If all of that fails Nintendo will have to come to the conclusion people are just not interested rather than "they'll be interested if we make them aware of it"

thewiirocks

#24

thewiirocks said:

@Starwolf_UK - I disagree. I think the purpose of the program was not so much to get the systems online (WIFI usage is already high with the Nintendo DS) but rather to bootstrap their online store. Since they didn't have strong launch games, many users would have ignored it if not for their 1000 free points.

Given the amount of money it would cost Nintendo once people started buying third party games rather than Nintendo's repackaged demos, they didn't want the program to run any longer than necessary. Nintendo would only have extended the program if they felt it was less successful than they anticipated.

Lotice-Paladin

#25

Lotice-Paladin said:

To be honest. I didn't even know you could get online with the PS2 back then...and only just realised I could do wireless connections at the beginning of this console generation. I understand why some people won't/can't do it though. Some people believe that wireless costs more or they have to get a seperate broadband package but it's starting to become more and more mainstream now that those people now think "So it doesn't cost anymore? Wow!" This helps particularly to the 30-50 age demographics out there :).

It all depends when and if people want to get online with their consoles as the guy says...people will only go on if they feel it's something they'd like to do or if something interests them so that they will use it. I'd say the Xbox made this successful by offering more then just games...like movie streaming and such. I know that if you show someone that you can rent a movie on the Xbox and offer them to pick a movie then they might just be interested in doing this, a bit of a poor example I know but everyone has their reasons why they want to get their console online. I, for one just like to play VC games on the Wii.

RJay

#26

RJay said:

The XBox Live has numerous incentives for going online, not just movie streaming, but a real online community filled with people you can interact with during the game. If only it had Nintendo games, it might be perfect.

SmaMan

#27

SmaMan said:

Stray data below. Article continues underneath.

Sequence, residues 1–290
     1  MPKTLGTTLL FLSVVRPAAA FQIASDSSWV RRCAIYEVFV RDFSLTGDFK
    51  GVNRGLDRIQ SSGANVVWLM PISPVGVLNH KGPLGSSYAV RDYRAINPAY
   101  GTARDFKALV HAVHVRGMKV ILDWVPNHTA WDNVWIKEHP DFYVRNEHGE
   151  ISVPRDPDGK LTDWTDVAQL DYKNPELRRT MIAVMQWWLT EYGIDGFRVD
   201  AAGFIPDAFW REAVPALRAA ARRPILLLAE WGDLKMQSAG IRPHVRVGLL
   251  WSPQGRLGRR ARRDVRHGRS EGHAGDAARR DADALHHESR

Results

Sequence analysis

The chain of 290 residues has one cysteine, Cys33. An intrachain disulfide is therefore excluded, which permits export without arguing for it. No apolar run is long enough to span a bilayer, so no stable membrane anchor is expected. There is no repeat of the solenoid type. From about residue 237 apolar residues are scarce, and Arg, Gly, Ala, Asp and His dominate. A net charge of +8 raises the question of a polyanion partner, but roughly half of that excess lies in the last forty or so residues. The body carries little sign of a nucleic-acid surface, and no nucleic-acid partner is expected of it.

Or better yet, give the Wii a real online community. It already has the Nintendo games!

Even I, a core gamer, found the way to setup the Wii for online a little confusing. Some routers like the ones I have just aren't compatible or you need to change up their settings. I didn't give up on mine, but some new gamers would get easily deterred. Nintendo should probably put the error solutions on the console itself instead of giving you a code to put on a website... on the internet that might not be working in the first place!!

As far as friend-codes, most new gamers are used to Instant Messengers like AIM and MSN, and the friend code process is needlessly confusing where both people put in friend codes and hope they eventually get recognized. No friend request notification or anything...

astarisborn94

#28

astarisborn94 said:

Of course we all know that, but the online is free, so why don't people use the online? It's still decent.

We can only hope Nintendo does something about this in North America.

tigah

#29

tigah said:

I know for myself it was the lack of a broadband connection, but typically people are still just wanting to see what else a console can do. For the 1st time user, no they may not know or just be intimidated by the tech. 1st time user btw.

Ren

#30

Ren said:

@smaMan,
good point. Mine happened to be easy, and I use it for the free content and downloading games but anyone with problems or trying to play with "friends" online, it's ridiculously confusing. I don't play online at all with people I know, it's so hard to get confirmation or figure anything out, I can't see anyone who isn't a "gamer" trying to find friends to play with online.

StarDust4Ever

#31

StarDust4Ever said:

I have an aunt who lives in the country and has never used a computer or internet before, but has satellite and knows how to set up the DVR to record stuff when she's not around. In fact, she was learning to use the Satellite DVR before we got her first DVD player (Christmas present one year from us). So it's not improbable that somebody in some corner of the world is playing a Wii who doesn't even know what a computer is. The NES existed long before widespread Internet access was available. Also, Nintendo created the Wiimote for people everywhere who've never played video games. A Playstation or Xbox controller would feel very strange in such a person's hands, but a TV remote is natural. You can't expect a complete novice to know the difference between X, O, Square, and Triangle. Just hold it like you would a TV remote. Point at TV and hit A button. Hey look, if I flail my arms around, magic happens on the screen :)